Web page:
A fence to make good neighbors
Instead of chiding Israel for building a fence between its territory and the land on which the Palestinian state is to be formed, the United States should welcome it. Indeed, it should offer to cover a good part of the cost involved in building the fence, about $600 million, to rush it along. Historically, some fences can make good neighbors. While not a panacea, solid walls can at least offer temporary relief from situations of drastic conflict.
So far, few have noted the fact that the Sharon government's agreement to build the fence sends a clear signal - better yet, creates facts on the ground - that most Israeli settlers will have to leave the West Bank. These settlers are on the "wrong side" of the fence.
Theoretically, they could live under Palestinian rule, the way millions of Palestinian Arabs live in Israel, but the settlers are very unlikely to do so. They are hard-liners who view the West Bank as God-given Israeli territory. If Palestinian rule commenced, these hard- liners would surely leave for Israel proper.
There are those critics who argue that the fence amounts to an Israeli land grab. Actually, it follows fairly closely the Green Line, the one road map champions envision as the future border between Israel and Palestine. In other parts, one can argue it should be built a few miles to the West - without needing to oppose the whole thing.
But why should Israel or the US support the fence? First and foremost, it will serve as an effective barrier against terrorism. The fragile current cease-fire rests on the notion that Palestinian Prime Minister Mahmud Abbas will be able to disarm Hamas and Islamic Jihad. These militant Palestinian groups openly declare that they will not settle for any "peace" that stops short of Israel's destruction. Hamas states in its charter:
"[Peace] initiatives, the so-called peaceful solutions, and the international conferences to resolve the Palestinian problem, are all contrary to the beliefs of the Islamic Resistance Movement. For renouncing any part of Palestine means renouncing part of the religion; the nationalism of the Islamic Resistance Movement is part of its faith...."
This is a line that Hamas and Islamic Jihad have consistently maintained - from their viewpoint - for good reasons. To assume that these groups would give up on their goals if only Israel would extend some gestures of good will, or because of some meetings in Washington, is a dangerous mistake.
There are those who argue that extremists merely mouth these statements to keep their base. This may be the case, but right now no one can tell for sure. The fence will help ensure that whatever is behind the hot statements will not lead to renewal of violence. The fence would slow down the operation of these groups, and it will maintain the conditions essential for nurturing the cease-fire, allowing time for tempers to cool off and for both sides to learn to enjoy the fruits of the current respite from violence.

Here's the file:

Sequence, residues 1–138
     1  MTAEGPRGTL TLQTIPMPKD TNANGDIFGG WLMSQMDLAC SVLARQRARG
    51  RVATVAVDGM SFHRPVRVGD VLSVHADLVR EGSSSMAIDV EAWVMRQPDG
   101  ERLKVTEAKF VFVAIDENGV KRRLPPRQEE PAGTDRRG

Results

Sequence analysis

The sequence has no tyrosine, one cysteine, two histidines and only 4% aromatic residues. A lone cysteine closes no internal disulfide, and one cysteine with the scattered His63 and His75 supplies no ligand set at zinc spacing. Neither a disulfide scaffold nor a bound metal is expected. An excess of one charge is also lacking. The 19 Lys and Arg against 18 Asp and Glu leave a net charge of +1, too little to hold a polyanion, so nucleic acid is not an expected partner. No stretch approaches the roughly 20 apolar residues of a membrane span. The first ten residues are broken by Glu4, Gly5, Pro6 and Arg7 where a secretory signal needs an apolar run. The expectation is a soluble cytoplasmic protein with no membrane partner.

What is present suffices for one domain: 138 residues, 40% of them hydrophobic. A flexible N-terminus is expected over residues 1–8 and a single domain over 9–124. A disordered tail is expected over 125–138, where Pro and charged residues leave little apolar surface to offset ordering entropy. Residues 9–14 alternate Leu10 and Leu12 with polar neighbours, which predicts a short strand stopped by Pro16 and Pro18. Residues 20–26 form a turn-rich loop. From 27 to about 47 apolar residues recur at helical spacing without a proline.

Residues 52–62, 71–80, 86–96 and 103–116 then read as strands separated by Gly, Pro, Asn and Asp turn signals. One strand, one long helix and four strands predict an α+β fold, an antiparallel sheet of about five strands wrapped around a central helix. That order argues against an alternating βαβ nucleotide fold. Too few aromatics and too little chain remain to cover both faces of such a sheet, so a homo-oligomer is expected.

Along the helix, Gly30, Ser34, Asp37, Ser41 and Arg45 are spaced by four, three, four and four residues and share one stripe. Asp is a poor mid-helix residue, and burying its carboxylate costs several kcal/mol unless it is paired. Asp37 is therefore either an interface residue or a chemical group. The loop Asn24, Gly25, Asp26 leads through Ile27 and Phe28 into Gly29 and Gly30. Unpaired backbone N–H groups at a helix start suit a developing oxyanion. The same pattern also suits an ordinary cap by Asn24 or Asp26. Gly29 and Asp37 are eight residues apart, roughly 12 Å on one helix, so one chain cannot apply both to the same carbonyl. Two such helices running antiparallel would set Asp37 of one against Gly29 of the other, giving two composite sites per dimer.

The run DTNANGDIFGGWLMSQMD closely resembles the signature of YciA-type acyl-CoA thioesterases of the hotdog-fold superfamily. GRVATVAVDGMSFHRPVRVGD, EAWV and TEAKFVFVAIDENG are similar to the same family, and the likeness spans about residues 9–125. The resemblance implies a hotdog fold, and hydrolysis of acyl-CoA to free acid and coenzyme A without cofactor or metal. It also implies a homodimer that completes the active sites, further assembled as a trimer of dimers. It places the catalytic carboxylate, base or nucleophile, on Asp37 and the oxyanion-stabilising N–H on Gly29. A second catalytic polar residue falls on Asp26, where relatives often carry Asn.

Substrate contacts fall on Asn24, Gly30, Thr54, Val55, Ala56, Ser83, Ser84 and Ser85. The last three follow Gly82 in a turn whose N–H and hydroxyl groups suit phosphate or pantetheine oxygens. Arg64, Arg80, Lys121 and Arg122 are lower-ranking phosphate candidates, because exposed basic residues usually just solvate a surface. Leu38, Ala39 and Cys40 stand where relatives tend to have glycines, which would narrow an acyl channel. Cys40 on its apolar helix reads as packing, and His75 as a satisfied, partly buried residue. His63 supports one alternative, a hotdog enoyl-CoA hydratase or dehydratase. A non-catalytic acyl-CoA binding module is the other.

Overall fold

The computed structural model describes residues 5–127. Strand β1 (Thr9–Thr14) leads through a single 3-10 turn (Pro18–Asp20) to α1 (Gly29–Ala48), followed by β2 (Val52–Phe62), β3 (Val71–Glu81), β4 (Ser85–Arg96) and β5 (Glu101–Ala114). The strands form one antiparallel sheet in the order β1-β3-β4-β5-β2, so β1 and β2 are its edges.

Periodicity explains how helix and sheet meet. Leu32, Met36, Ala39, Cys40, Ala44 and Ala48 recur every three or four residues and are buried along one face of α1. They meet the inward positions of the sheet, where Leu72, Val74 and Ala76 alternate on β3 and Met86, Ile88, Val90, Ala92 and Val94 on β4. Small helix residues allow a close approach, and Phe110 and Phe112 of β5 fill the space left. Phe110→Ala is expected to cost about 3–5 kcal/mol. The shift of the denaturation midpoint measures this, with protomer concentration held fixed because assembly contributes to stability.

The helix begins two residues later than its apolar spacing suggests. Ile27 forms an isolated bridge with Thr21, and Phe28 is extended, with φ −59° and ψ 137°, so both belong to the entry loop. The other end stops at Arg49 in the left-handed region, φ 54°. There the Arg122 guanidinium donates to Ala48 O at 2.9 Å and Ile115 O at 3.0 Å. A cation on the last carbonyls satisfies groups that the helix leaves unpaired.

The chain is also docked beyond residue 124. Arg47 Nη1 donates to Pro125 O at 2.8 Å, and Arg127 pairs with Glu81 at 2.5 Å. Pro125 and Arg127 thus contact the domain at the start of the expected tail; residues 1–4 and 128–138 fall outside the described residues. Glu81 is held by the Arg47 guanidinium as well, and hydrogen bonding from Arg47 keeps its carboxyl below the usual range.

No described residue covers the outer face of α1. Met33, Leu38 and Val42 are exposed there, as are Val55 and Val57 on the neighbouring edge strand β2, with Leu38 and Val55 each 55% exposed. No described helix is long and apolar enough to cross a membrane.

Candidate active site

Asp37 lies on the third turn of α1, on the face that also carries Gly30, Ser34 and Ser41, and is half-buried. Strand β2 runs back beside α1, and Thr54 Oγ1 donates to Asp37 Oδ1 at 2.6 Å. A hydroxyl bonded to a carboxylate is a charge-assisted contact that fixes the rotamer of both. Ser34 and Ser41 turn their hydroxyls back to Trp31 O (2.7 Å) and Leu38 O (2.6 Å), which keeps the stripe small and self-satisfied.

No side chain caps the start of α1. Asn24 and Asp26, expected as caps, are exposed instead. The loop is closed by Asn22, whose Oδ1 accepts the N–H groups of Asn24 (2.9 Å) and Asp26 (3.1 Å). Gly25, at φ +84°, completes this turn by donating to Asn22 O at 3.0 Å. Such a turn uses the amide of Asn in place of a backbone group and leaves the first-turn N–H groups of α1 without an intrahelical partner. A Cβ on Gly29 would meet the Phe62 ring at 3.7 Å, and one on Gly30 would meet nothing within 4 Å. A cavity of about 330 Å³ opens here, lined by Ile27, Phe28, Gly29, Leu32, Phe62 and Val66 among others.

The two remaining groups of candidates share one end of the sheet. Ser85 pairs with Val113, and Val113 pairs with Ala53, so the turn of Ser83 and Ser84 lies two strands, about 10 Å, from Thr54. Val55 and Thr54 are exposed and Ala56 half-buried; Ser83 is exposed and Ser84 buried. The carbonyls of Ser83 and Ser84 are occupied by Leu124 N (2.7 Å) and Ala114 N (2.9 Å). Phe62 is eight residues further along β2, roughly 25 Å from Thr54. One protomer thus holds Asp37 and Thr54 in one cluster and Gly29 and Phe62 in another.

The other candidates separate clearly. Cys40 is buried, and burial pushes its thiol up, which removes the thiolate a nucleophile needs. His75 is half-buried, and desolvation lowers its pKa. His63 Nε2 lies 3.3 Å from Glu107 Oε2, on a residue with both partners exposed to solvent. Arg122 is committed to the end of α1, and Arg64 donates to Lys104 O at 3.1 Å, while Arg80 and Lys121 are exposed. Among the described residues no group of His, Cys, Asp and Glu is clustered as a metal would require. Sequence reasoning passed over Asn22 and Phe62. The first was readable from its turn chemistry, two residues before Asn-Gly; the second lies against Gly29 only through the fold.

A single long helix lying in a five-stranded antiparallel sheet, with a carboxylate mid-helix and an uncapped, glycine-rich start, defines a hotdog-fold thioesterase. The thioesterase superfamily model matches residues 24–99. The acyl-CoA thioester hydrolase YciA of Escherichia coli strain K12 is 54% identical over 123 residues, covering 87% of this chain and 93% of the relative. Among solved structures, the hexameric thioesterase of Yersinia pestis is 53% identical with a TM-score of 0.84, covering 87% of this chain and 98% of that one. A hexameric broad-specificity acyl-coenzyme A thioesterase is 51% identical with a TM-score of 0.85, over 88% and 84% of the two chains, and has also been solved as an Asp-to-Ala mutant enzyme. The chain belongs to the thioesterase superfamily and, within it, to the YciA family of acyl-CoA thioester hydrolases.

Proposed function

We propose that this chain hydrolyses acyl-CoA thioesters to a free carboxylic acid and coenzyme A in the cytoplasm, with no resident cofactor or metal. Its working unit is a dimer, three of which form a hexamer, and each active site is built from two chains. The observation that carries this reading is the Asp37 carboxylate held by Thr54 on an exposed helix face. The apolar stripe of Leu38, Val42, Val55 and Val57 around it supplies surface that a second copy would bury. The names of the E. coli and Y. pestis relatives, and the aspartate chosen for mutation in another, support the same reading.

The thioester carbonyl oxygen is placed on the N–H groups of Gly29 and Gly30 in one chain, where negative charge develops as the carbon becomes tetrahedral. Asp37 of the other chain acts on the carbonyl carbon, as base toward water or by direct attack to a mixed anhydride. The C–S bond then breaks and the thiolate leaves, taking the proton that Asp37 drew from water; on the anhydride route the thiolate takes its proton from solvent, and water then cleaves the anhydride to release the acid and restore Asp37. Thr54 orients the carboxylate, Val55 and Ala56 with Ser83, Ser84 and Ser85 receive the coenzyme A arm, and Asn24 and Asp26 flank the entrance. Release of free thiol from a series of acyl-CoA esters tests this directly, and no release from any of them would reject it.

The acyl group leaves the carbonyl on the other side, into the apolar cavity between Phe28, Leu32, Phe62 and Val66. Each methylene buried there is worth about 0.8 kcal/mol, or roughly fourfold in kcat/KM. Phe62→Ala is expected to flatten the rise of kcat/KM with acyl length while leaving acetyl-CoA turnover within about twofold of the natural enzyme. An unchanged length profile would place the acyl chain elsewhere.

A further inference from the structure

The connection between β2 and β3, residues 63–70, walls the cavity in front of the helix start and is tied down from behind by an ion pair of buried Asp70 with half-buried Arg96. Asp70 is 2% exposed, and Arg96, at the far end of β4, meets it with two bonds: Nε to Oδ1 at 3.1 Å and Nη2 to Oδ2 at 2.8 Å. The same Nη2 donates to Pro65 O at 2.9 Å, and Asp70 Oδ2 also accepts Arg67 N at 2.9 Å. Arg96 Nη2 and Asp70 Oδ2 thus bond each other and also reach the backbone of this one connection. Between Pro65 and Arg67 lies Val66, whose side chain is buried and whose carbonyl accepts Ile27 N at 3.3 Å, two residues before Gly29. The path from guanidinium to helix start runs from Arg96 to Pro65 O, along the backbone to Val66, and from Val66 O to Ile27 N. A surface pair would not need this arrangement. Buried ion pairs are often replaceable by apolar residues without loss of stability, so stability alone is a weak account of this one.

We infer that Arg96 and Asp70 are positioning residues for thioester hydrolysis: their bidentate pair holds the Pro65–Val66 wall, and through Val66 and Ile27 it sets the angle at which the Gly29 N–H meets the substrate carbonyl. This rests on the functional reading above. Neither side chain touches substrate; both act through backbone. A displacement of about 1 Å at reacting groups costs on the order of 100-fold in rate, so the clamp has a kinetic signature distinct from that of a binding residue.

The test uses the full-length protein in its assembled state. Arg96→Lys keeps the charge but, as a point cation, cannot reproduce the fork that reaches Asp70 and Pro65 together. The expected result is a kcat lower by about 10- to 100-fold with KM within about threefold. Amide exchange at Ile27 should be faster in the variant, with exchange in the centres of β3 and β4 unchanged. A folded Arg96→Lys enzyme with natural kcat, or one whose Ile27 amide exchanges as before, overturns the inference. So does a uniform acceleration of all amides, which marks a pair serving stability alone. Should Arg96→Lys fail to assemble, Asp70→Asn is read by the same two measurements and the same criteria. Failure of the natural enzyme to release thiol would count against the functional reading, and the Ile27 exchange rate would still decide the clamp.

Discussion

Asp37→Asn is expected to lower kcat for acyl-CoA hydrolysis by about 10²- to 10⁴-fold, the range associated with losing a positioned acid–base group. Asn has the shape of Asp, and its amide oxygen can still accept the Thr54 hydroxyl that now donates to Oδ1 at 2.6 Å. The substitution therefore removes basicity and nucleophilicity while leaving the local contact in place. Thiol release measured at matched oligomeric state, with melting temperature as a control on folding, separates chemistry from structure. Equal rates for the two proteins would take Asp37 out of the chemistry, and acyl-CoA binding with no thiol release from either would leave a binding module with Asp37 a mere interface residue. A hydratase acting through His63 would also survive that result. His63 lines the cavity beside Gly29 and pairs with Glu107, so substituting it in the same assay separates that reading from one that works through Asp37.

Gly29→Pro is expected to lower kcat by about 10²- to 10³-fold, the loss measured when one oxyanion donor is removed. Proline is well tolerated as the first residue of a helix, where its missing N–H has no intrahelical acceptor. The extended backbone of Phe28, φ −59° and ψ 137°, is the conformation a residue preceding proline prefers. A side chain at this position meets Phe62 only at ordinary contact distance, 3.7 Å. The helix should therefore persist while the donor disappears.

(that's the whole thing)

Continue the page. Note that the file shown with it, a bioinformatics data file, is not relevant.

The promise of the fence is far from a theoretical notion. When a fence was built in Cyprus, separating the Greeks and Turks in 1974 after years of bloody fighting, the hostilities subsided. Indeed, the two groups have since moved toward reconciliation. A fence helps to maintain an uneasy truce on the northern border between Israel and Lebanon, despite the fact that there are several thousand Hizbullah terrorists in the area. And the fence that surrounds Gaza is the main reason very few terrorists reach Israel from that region.
Critics say that the fence now being built does not follow the precise line of demarcation which this or that party favors as the border between Israel and Palestine. True. But it is no Great Wall of China. It can be quite readily relocated when a peace treaty is forged. Critics say that the fence inconveniences some Arabs because it falls between some of their villages. True. But this is a small price to pay for what I claim can be a major contribution to making peace. Critics say it will prevent Palestinians from working in Israel or tending to their land on the other side of the fence. Like the fence around Gaza, however, the new fence has plans for dozens of gates, allowing workers and farmers with permits to travel through. Indeed, one day - hopes spring eternal - it can be removed.
It is no cure-all. There is no agreement where it should or could be built in Jerusalem. Terrorists can attack by sea and air and Israel can respond in the same way. And fences can be breached, although this one will be secured by the Israeli army, using both troops and various sensors. Still, when all is said and done, the fence could do much to facilitate a cooling-off period for both sides, without which the cease-fire is unlikely to last.
• Amitai Etzioni is University Professor at the George Washington University and author, most recently, of 'My Brother's Keeper: A Memoir and a Message.'